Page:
|Beaver 1||Loam||3.3||Pivot||8||Good||Soft white||135||150|
|Beaver 2||Silty clay loam||3.7||Pivot||7||Good||Soft white||165||0|
|Box Elder 3||Loam||3.4||Wheel-line||8||Fair||Barley||102||0|
|Box Elder 4||Fine sandy loam||1.4||Flood||4||Good||Soft white||110||0|
|Box Elder 5||Silt loam||1.8||Flood||10||Poor||Triticale||88||0|
|Box Elder 6||Fine sandy loam||1.2||Flood||5||Poor||Soft white||180||104|
|Box Elder 7||Silty clay loam||2.4||Flood||6||Poor||Soft white||174||109|
|Cache 1||Fine sandy loam||1.7||Wheel-line||5||Poor||Soft white||147||0|
|Cache 2||Silty clay loam||2.9||Pivot||5||Poor||Barley||158||0|
|Cache 3||Loamy fine sand||0.8||Wheel-line||6||Fair||Soft white||180||85|
|Cache 4||Loamy fine sand||0.9||Wheel-line||5||Good||Soft white||164||111|
|Cache 5||Loamy fine sand||1.1||Wheel-line||11||Poor||Soft white||185||111|
|Cache 6||Silt loam||2.7||Wheel-line||3||Good||Soft white||186||74|
|Cache 7||Silt loam||2.8||Wheel-line||2||Fair||Soft white||179||93|
|Franklin||Silty clay loam||4.5||Wheel-line||7||Poor||Soft white||131||89|
|Weber||Fine sandy loam||1.8||Flood||5||Poor||Soft white||140||97|
Can response to nitrogen be predicted?
To evaluate whether we can predict nitrogen response, we collected soil samples in the top 1 foot of soil in the early spring right before nitrogen application. Soil nitrate was measured on these samples to see if nitrate levels could distinguish fields that would (low nitrate < 21 ppm) or would not (high nitrate > 21 ppm) need nitrogen fertilizer. We also created an index that used soil nitrate concentration in the top 1 foot of soil (ppm) multiplied by alfalfa stand age at termination (years).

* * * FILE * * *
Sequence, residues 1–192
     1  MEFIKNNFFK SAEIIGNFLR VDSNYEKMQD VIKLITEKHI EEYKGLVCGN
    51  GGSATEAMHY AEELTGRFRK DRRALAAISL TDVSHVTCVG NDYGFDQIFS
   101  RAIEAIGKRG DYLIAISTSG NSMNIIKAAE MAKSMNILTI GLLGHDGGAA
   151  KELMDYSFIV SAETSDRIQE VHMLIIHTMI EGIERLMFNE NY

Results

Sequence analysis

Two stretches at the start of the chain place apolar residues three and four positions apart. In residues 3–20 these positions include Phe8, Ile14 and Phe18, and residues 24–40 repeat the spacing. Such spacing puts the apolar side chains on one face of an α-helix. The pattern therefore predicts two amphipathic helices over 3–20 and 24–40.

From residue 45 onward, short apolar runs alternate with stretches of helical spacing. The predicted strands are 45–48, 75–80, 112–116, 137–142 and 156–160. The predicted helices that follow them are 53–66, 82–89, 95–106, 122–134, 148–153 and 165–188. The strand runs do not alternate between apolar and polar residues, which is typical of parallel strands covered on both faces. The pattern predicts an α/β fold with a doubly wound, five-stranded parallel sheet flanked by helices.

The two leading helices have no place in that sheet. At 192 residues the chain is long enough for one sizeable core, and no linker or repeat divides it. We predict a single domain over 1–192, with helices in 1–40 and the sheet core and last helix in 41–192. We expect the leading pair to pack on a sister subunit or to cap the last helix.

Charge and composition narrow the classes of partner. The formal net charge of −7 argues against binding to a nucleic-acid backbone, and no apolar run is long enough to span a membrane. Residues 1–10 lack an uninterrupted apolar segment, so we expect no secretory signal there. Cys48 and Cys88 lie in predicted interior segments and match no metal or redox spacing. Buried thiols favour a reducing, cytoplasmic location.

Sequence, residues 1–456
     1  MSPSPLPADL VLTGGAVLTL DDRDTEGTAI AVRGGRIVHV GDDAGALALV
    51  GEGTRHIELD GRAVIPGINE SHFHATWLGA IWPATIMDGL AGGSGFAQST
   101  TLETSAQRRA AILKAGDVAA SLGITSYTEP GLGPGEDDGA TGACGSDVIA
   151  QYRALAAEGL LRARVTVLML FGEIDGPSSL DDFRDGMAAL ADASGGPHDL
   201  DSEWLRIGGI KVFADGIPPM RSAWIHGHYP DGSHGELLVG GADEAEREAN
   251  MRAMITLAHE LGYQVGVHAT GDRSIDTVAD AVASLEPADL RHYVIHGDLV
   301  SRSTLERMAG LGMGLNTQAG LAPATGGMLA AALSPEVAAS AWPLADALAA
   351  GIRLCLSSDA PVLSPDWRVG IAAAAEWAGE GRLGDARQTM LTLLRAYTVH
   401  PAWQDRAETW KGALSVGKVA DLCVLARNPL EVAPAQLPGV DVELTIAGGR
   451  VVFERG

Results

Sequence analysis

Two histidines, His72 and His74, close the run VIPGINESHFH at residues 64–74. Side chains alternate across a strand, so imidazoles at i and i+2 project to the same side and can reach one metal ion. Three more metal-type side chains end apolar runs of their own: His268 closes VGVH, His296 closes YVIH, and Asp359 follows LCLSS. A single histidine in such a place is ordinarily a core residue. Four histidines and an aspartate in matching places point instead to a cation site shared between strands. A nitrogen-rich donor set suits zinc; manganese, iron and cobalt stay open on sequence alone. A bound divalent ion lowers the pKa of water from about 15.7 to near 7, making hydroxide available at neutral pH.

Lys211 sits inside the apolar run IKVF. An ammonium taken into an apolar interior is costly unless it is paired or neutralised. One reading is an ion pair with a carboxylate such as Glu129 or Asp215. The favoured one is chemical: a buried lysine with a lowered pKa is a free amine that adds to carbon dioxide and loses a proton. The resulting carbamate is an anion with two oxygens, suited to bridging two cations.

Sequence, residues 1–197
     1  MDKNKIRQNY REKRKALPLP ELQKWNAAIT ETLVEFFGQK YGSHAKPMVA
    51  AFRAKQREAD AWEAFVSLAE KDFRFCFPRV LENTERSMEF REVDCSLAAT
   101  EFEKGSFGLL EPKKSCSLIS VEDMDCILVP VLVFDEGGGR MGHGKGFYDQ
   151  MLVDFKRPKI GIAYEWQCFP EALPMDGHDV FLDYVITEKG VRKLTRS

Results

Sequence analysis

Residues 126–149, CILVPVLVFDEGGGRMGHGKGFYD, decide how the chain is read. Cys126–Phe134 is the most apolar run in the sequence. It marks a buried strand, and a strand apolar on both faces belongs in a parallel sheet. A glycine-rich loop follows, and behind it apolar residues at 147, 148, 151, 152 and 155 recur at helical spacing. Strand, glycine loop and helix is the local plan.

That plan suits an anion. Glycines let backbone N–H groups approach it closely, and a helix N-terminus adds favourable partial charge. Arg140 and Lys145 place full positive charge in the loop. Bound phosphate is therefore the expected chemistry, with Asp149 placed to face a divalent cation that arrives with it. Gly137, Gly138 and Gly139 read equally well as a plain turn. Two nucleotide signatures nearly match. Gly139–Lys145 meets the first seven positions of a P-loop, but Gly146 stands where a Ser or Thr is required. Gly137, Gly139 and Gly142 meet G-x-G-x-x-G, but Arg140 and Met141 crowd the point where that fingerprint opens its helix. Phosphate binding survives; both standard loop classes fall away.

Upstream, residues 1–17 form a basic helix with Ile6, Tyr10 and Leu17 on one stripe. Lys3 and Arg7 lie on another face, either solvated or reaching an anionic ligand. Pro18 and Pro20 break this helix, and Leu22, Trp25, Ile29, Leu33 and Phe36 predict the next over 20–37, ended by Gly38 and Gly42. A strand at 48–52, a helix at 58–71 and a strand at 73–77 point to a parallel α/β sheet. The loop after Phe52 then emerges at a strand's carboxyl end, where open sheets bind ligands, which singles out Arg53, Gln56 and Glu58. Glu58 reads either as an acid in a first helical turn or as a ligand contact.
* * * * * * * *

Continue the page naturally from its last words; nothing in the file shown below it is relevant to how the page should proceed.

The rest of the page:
Small grain forage
The yield response to nitrogen could only be predicted for 45% of the fields using soil nitrate concentrations. However, spring soil nitrate could predict forage protein improvements for 67% of the fields. The index with stand age and soil nitrate did not improve predictions. This was likely because few fields needed nitrogen fertilizer to increase yield.
Grain yield response to fertilizer was correctly predicted with soil nitrate at 53% of the fields (Figure 2). When stand age was considered with soil nitrate, the predictions for yield improved greatly with 15 of 17 fields (88%) accurately predicted (Figure 3). This high accuracy indicates that this may be an effective way to determine whether to apply nitrogen.
Grain protein was much better with 82% of the fields correctly classified using soil nitrate concentration alone. This was better than the prediction for small grains grown for forage.
Does fall nitrogen pay for winter small grains following alfalfa?
Fall nitrogen applications of 30 lbs. N/acre provided no additional grain yield beyond spring applications in all 10 fields where it was tested in Utah in 2018-2019. Thus, delaying nitrogen applications (if needed) from split applications in the fall/spring to single applications in the spring could save time and money required for multiple applications.
Does late nitrogen pay at the flag leaf stage?
When small grains were grown for grain following alfalfa, late nitrogen applications at the flag leaf stage provided no benefit to yield (beyond the same rate applied in the spring) at the 12 fields where it was tested. However, late applications of 60 lbs. N/acre did increase protein levels at 5 of the 12 fields by an average of 1.7% points (from 12.5 to 14.2% protein) above the same amount of nitrogen applied solely at planting. These results indicate that late nitrogen will sometimes boost protein levels, but only when extra nitrogen is needed. Split application would also double application costs and should only be applied when the incentive for protein (if it exists) outweighs the additional cost.